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    Friday, 16 February 2018 18:16
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    Tuesday, 06 February 2018 11:39
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    Tuesday, 06 February 2018 11:35
  • GPs given additional training time in latest Gold Guide on post-graduate speciality training

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    Thursday, 01 February 2018 11:14

a stethoscope image cbFebruary 6 2018

A range of issues have been identified as influencing GPs’ thoughts about whether to stay in practice having direct patient care.

The University of Exeter study interviewed GPs about their concerns but also asked about what might make them stay in practice, or return to practice in some cases. The study followed on from a recent survey of all GPs in South West England. This had revealed that 37% of GPs reported a high likelihood of quitting direct patient care within five years. In addition, 70% of GPs had reported a career intention that, if implemented, would negatively impact GP workforce capacity and availability.

This latest study involved in depth interviews with 41 GPs as well as 19 other stakeholders. Three core themes were identified in GPs’ thoughts about staying in practice:

  • a sense that general practice based primary care was under-valued within the healthcare system;
  • concerns regarding professional risk encountered in delivering care in an increasingly complex health environment;
  • considerations about leaving or remaining in direct patient care and the options and choices that GPs felt were available to them.

Professor John Campbell, who led the study and is a practising GP, said: “Our new research is a significant study of what is driving the exodus of GPs from direct patient care. Policy makers need to take this onboard and address these issues to retain GPs and encourage medical students to take up a career in general practice.

“Despite recent government plans to address the problem, numbers are continuing to fall. If we do not act now, many areas will face a severe shortfall in the number of GPs providing care for patients their area … we now need sustained, strategic, and stable planning of health services – not a series of short-term ‘fixes’ which only destabilise clinical care further. Innovation is essential, but needs to be based on firm evidence.”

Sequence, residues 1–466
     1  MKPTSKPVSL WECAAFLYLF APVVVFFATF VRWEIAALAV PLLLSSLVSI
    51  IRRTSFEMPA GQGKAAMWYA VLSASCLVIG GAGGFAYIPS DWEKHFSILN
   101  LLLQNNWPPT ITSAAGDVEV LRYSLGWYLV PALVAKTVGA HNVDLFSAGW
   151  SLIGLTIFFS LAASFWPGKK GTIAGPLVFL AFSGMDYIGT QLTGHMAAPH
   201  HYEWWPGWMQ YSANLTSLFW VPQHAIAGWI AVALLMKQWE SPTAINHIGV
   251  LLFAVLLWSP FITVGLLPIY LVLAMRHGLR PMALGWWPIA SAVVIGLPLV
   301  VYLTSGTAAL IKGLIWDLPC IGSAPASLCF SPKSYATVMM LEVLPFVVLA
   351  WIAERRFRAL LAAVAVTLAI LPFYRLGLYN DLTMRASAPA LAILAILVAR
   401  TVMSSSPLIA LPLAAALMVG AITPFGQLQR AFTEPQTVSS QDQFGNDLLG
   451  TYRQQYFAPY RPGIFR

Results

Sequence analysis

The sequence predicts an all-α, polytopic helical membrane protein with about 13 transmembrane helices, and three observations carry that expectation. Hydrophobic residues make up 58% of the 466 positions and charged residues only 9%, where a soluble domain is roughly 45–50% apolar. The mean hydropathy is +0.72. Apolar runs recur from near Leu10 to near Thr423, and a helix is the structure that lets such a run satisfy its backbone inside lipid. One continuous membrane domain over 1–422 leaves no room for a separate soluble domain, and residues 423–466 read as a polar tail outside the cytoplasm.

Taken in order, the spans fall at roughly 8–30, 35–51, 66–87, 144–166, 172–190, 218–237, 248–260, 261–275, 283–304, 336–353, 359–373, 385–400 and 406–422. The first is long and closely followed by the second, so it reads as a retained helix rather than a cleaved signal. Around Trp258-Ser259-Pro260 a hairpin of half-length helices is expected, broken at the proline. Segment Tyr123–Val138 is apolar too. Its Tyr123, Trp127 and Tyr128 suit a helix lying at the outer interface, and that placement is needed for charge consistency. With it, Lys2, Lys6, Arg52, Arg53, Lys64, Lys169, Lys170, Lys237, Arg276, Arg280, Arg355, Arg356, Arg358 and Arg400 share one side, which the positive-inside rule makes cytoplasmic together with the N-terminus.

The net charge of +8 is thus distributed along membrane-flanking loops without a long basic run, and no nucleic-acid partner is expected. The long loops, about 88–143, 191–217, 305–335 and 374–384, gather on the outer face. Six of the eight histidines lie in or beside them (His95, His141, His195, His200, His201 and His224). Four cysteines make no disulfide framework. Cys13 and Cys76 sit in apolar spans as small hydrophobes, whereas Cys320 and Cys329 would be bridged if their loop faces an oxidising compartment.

Professor Helen Stokes-Lampard, RCGP Chair, said the research “hammers home why the College’s calls for thousands more GPs must be heard and acted upon.

“GP workload has increased by at least 16% over the last seven years – and become far more complex – but the share of the overall NHS budget that general practice receives is less that it was a decade ago, and our workforce has not risen at pace.”

Calling for NHs England’s pledge of 5,000 more GPs to be in place by 2020, Prof Stokes-Lampard warned that there was a risk of numbers falling short. “The latest workforce figures actually showed a concerning drop of more than 600 full-time equivalent family doctors between March-September last year,” she said.

“Ultimately, it’s our patients who suffer when we lose GPs, and this study not only highlights the need to recruit more doctors into general practice for the future, but to also take measures to retain existing and experienced doctors working in NHS general practice.”

Links:
University of Exeter announcement     
A Sansom et al. ‘Why do GPs leave direct patient care and what might help to retain them? A qualitative study of GPs in South West England’. BMJ Open 2018; 8: e019849.       
RCGP comment           

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